Checks and balances.
I was recently an extra cast member in the Glasgow 2014 Commonwealth Games, as a backing dancer. It was an amazing experience, but now that I come to think about it, this story starts a little earlier than that.
I came back from Brazil at the end of January, and I was a little bit of a mess. This was not Brazil’s fault – I was a mess before I left, I was working too hard, I was trying to lose weight, trying to train every thing at once, and I ran myself ragged (as I’ve spoken about here). And when I got back, nothing at work had changed, and I was right back into the 12 – 14 hour days, and something had to give (checks and balances). Capoeira and a social life gave. I buckled down to a few months sacrifice to the God of work, and the God of work listened and gave me a wonderful promotion, and a raise, thank goodness! But the God of little things got neglected, and punished me. I was always exhausted, I was unmotivated and jaded with life – for about 4 months. In the fifth month after that, I found out I got into the Commonwealth games, so not only was I still sacrificing to the God of work, I was now making weekly contributions to the God of Small Things, going to Glasgow 3 to 4 times a week (lots of checks, no balances).
In August, the 6th month, things started to calm down at work, and now I am re-awakening the God of Small things, I have started to go back to Capoeira, started a little yoga, have started regular training, and have hired a personal trainer. Coming back to Capoeira was tough, and there was a lot of mental wrangling to get me back. Firstly, Capoeira is the kind of artform that requires a high level of determination and will power, it’s not the kind of thing you can take a one hour class for, once a week. No, you have 2 hour classes, three times a week to see any improvement at all. Then there is all the conditioning you need to do outside class, stretching, practising the different instruments, learning songs in Portuguese, and nailing the harder moves. So what happens is a tight bond forms between all the people in your group, and you spur each other on in the face of the sheer wall you need to climb. However, if you leave, like I had done, you fall out of that bond, and you suffer because you stop progressing, and you let the group down by taking your energy from the class – something that the group relies on to keep motivated. I had to really steel my mind and brace myself to go back, and when I went back I found what I had dreaded – everyone had surpassed me, they were doing things they couldn’t do 6 months ago, and I was even worse than when I had left. Disheartening. The group got closer without me there, and I was relegated to the bottom of the pack. It was hard to swallow, but in a way it’s been a good lesson. A lesson in perseverance, humility and dedication to a task for the joy of the task, not for anything else.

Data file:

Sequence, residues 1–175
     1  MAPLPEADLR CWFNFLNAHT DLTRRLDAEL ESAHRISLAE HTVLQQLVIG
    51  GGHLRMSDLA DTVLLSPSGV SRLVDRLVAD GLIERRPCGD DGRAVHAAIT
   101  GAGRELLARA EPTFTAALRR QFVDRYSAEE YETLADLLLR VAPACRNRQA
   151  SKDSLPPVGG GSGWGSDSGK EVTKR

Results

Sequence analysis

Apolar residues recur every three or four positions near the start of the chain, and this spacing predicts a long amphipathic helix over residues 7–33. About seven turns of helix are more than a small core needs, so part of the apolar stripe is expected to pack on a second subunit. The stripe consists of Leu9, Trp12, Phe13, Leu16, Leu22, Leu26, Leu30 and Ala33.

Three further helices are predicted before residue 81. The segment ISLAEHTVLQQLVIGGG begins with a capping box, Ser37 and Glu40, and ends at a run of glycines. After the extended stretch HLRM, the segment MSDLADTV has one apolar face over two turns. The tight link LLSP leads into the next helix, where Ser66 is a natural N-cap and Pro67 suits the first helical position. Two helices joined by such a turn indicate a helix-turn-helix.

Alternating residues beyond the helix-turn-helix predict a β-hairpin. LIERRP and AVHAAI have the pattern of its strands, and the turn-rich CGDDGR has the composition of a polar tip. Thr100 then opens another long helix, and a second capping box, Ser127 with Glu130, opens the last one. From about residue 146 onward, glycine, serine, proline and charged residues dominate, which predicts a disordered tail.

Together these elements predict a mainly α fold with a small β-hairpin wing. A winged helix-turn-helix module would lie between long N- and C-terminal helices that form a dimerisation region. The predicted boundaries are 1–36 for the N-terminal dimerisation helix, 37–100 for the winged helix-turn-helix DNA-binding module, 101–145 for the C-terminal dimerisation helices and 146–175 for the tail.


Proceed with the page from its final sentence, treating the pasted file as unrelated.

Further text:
And to clarify, I hired a personal trainer to nail a couple of the fancier technical moves, that I have been trying to build up to by myself, but I haven’t been able to. And like I’ve quoted before, insanity is doing the same thing over and over again, and expecting different results. So I am changing the equation, and hoping that the result will change.
But I have found a little bit of superficial pleasure which has really helped me get back on the fitness horse. And it will sound so unworthy when you read this, but it’s active wear. Getting new things to wear to train has put a smile on my face, and getting new dance gear has motivated me to go to class, but also made me feel the part. I put on the new leggings and I think I am an athlete, I am a dancer and I am about to do what my body needs me to do.
The first three weeks have been tough, but last weekend I managed to run more than I have before, and my recovery day was fine. I have more energy and I am feeling calm and happy in life.
Checks and balances.
Image copywright: NYC Ballerina Project by Photographer Dane Shitagi